Discuss with other people if you want, but be aware most people will be terrible and harsh critics in your first stages. They will beat your fragile ego down. You want it beaten, but not out of existence. Unless you really are not cut out to be a “game designer” and need to hear that, but that’s like saying someone isn’t cut out to be an artist. There’s always a place if you can find it.

    I have met too many “game designers” that, conversely, have a formula, design something once, and stick to it forever, letting their projects crash and burn around them.

    I suspect they tend to have just come from “game design” courses and have studied little else. The kind of people who have no other skills or interests. No thank you. Now, if they’d like to sit and make levels, that’s something else. We still call it ‘game design’ but it’s a formality to make them feel better (and hopefully grow into the reality of the field).

    To design well is to be flexible and draw from every mote of your knowledge to refine and correct your ideas.

    Of course… there are people who wake up one day, find themselves in power, and think it suddenly has made them game designers. But that’s more a study on how management can efficiently destroy a game design. ;)

    Monday, April 27, 2015 at 7:26 pm | Permalink
  23. Frank Lantz wrote:


    ” ‘Boss battles suck?’ ‘Jumping puzzles suck’? I’d love to know where these axioms came from ”

    Ask Jim Rossignol, he’s a big shot professional game critic and hip tastemaker and confirms this sentiment.

    But seriously, boss battles/jumping puzzles are just examples of the *kind* of heuristics game designers often have. You’ve never met game designers with similar rules of thumb, whatever they’re about? You’ve never encountered a game that seemed to contradict most of your heuristics about “good design” and was nonetheless awesome?

    Maybe you are able to perfectly, seamlessly update your design axioms on an ongoing basis and never encounter any cognitive friction or doubts about your ability to completely explain and predict what makes games good.

    If so, congratulations! You have no need to take my advice to be a bit more skeptical about this ability.

    “I don’t think it means you should give up the entire idea of design.”

    I never said you should.

    “Ditch the axiom, build a hypothesis, test the hypothesis, and be an academic.”

    Sounds gross, I think I’ll pass.

    Monday, April 27, 2015 at 7:31 pm | Permalink
  24. Tom wrote:

    Design is about tradeoffs between player experiences.

    LoL and CS make a number of tradeoffs (the abstract cons of which you point out) to amplify long-term learning/mastery in the game, which ultimately is extremely engaging and causes these games to be appealing for a long period of time for many gamers.

    I think you are trying to apply fairly pure design aesthetics to these games, when design is only pure at the starting point, and never at the finishing point. But, the result may be strong in terms of curated desired player experience at the finishing point, which is what you are encountering in LoL and CS.

    Monday, April 27, 2015 at 8:59 pm | Permalink
  25. It certainly doesn’t need to be “gross”, Frank. Nor does it really need to be so formal; it’s just useful to look at this things from an inductive point of view.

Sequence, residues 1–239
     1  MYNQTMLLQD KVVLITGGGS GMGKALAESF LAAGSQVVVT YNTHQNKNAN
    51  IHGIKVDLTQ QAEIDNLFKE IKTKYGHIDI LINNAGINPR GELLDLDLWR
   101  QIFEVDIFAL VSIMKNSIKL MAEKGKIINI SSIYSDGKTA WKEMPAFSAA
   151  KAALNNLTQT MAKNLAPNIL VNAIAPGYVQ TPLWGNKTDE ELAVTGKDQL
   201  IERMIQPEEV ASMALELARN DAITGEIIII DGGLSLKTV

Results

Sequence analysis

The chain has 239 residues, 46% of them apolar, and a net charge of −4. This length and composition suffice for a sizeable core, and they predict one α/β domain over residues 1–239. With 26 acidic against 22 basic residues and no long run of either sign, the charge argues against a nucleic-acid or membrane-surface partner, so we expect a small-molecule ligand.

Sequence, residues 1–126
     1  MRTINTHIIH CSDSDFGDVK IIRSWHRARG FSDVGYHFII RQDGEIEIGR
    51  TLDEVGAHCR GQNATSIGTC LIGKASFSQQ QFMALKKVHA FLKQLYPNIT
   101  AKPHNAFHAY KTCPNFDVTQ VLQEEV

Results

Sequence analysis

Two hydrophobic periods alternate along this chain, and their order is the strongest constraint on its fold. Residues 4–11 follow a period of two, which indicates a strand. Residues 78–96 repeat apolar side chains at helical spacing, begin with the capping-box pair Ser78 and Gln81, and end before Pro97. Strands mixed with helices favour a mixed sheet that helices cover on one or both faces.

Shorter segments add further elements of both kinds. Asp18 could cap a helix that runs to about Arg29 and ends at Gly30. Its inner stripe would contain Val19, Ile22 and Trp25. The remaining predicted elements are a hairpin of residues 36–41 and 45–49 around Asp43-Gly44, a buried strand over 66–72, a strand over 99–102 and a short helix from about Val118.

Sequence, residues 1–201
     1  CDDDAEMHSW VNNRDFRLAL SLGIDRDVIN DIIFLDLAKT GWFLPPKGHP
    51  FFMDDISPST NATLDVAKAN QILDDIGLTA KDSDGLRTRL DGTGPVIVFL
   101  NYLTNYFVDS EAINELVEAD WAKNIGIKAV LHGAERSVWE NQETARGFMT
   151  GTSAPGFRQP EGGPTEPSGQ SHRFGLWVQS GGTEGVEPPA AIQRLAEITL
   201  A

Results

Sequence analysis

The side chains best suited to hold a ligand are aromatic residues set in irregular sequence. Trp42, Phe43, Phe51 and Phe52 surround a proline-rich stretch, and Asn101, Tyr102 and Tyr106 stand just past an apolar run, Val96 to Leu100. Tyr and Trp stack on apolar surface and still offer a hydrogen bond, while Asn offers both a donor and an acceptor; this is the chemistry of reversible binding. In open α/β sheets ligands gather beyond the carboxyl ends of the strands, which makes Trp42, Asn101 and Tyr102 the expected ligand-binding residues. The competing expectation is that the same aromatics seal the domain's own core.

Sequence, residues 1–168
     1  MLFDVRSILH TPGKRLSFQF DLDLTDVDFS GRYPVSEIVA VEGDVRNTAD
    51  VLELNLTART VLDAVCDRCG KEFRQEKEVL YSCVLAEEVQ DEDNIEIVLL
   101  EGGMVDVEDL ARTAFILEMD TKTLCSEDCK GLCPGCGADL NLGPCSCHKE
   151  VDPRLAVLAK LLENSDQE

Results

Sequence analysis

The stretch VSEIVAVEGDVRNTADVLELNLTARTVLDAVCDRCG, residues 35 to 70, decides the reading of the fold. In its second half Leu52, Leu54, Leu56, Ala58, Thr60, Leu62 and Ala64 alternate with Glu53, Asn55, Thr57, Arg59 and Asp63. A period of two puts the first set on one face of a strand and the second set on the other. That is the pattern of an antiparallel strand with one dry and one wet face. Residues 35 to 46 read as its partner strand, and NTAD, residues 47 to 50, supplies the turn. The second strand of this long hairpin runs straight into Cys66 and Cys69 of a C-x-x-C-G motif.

I don’t think you should have axioms. I do think you should be aware of the theories that inform your arguments and assumptions, because everybody has them, whether they’re aware or not. Call them heuristics, call them hypotheses, call them “fundamental principles”: we all still have them.

    I just think you should be ready to change them. If a game contradicts your theory, evolve the theory. If MOBAs contradict what you see as “good game design”, don’t discard the notion of good design, just re-examine how you define those terms.

    Maybe steep learning curves have their place. Maybe baroque, idiosyncratic rulesets have their place. Maybe carefully-created jumping puzzles have their place. That’s great! You can have a grand old time figuring out how, and figuring out why. That’s why many people BECOME academics: to figure stuff out! It’s not gross. It’s fun!

    When they do, when they generate and demonstrate those theories, other people don’t have to start from the ground up. they don’t have to rely on “hip tastemakers” with unbelievably questionable assumptions (Or, in the case of Rossignol and “no-boss”/”no-jumping”, comically wrong assumptions.)

    They know that the fundamental principles they were taught are reliable, proven things, instead of taste-driven ephemera. They know that the craft is moving forward, instead of moving in circles. They know that they’re standing on solid ground.

    And, yeah, I think that’s worth something.

    Monday, April 27, 2015 at 10:36 pm | Permalink
  26. Jon wrote:

    (linking to someone else’s response)

    I feel really weird writing this because >I have so much respect for Frank Lantz and I get that his piece is almost more about describing a sense of something, it’s impressionistic, not laying out a literal argument. That said, here I’m going to treat it as a literal argument so I can unpick that, and so I can articulate some thoughts I have about the value of design.

    Monday, April 27, 2015 at 10:40 pm | Permalink
  27. “There is a point of no return. That point must be reached” (Kafka). Go, go, go!

    Monday, April 27, 2015 at 10:55 pm | Permalink
  28. This article appears to reflect sort of a Hypatia moment :) Please read and decide for yourself.

    “Of all the changes of language a traveler in distant lands must face, none equals that which awaits him in the city of Hypatia, because the change regards no words, but things. I entered Hypatia one morning, a magnolia garden was reflected in blue lagoons, I walked among the hedges, sure I would discover young and beautiful ladies bathing; but at the bottom of the water, crabs were biting the eyes of the suicides, stones tied around their necks, their hair green with seaweed.